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Let freedom ring at Florence Griffith Joyner Elementary School

Something I’ve observed while working in Watts is that people are really proud of who they are, whether that is African-American or Latino. If you ask students to think about a historical figure, they generally say Martin Luther King (one of our after-school challenges is to write about a historical figure). Why? Students in this community are taught at an early age about the civil rights movement and the work Martin Luther King did, which is so central to the pride African-Americans have in Watts and all over the United States today.

On Friday, at Florence Griffith Joyner Elementary School, City Year reenacted the Aug. 28, 1963 March on Washington led by Martin Luther King. The City Year team at Florence Griffith Joyner (FloJo) put together the event and the rest of the South Los Angeles school teams got to participate. The FloJo team assigned the two middle school teams, Markham (my team) and Gompers, to work directly with the elementary students for a refreshing change of pace.

I was placed in a first grade classroom to teach students the chant they would be chanting during the march. The kids listened, participated, said thank you, smiled at me and hugged me. Was the real life? I’m used to students not listening, doing whatever they want, not doing work, not participating, yelling, cussing each other out, and so the list goes on. Long story short, the students were absolutely adorable and it was so much fun to work with them.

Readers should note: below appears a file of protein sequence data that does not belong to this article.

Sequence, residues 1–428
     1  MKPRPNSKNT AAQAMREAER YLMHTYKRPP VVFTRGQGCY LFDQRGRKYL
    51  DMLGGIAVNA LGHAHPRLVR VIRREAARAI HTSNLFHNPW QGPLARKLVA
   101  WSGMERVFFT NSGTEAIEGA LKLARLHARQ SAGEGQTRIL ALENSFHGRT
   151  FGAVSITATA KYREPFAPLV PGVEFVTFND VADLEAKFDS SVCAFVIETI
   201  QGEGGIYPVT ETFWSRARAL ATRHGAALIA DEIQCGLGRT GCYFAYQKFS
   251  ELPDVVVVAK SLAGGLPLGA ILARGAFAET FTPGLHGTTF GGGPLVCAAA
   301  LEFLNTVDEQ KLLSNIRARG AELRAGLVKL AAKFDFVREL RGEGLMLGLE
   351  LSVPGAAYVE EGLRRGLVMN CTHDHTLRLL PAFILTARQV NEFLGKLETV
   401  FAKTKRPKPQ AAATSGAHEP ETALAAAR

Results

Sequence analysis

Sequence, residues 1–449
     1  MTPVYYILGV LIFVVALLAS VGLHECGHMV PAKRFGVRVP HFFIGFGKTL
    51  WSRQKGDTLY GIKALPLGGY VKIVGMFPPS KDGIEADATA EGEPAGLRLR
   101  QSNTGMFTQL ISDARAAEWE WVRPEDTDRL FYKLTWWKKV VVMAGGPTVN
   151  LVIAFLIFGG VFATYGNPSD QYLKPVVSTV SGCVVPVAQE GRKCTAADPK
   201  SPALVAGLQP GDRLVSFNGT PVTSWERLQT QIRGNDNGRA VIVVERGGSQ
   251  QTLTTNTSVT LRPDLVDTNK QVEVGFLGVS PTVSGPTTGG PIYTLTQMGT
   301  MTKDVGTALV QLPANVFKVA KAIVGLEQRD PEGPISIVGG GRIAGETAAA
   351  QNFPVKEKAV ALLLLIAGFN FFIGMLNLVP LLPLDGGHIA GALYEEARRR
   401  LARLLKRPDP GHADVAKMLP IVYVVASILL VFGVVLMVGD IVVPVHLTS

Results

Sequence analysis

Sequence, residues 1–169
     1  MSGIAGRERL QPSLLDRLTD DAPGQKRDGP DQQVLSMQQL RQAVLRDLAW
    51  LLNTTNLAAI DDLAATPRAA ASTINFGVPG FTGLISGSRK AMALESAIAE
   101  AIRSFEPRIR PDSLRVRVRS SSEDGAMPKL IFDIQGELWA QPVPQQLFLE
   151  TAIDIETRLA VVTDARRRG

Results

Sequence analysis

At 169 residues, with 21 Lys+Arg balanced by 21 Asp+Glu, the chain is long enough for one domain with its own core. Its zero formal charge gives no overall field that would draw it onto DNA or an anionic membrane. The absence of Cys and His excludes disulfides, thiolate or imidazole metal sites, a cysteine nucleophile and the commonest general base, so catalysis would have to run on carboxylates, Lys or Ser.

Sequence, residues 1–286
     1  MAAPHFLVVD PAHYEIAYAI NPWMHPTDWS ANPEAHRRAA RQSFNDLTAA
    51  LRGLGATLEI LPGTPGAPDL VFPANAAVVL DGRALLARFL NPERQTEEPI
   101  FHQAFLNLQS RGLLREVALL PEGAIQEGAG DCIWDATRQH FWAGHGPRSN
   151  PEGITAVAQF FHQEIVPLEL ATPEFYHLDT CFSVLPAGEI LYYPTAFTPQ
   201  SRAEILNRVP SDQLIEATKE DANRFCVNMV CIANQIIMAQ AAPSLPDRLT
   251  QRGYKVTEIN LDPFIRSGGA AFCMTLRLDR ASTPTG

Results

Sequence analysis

I taught them this chant: hey hey, ho ho, the violence has got to go. The students made their own picket signs to carry that said, “equality for all”, “we don’t want to sit in the back of the bus”, and “peace”.


I asked them what they could do to create peace in Watts. They said they could follow laws, treat others fairly and treat others the way they want to be treated. We wrote these on strips of paper that City Year later assembled into a paper chain that represented every classroom at FloJo.



Then, the students marched and chanted around the blacktop twice with the rest of the school. They stopped at the Washington Monument that was recreated by the FloJo team.


The students listened to two student speakers; one student introduced Martin Luther King and another student (“little Martin Luther King) recited parts of Martin Luther King’s “I Have a Dream” speech. This little 5th grader spoke so well! I was standing next to his father and I could tell how proud he was of his son.

All in all, this event was awesome and taught the students a valuable lesson. Good job FloJo!

But, there’s still one harsh, harsh reality: these cute little angels will all be Markham Middle School students someday. Students, hold onto your innocence. Always promote peace.

Here’s video of my teammate Jeanny chanting with her little ones:

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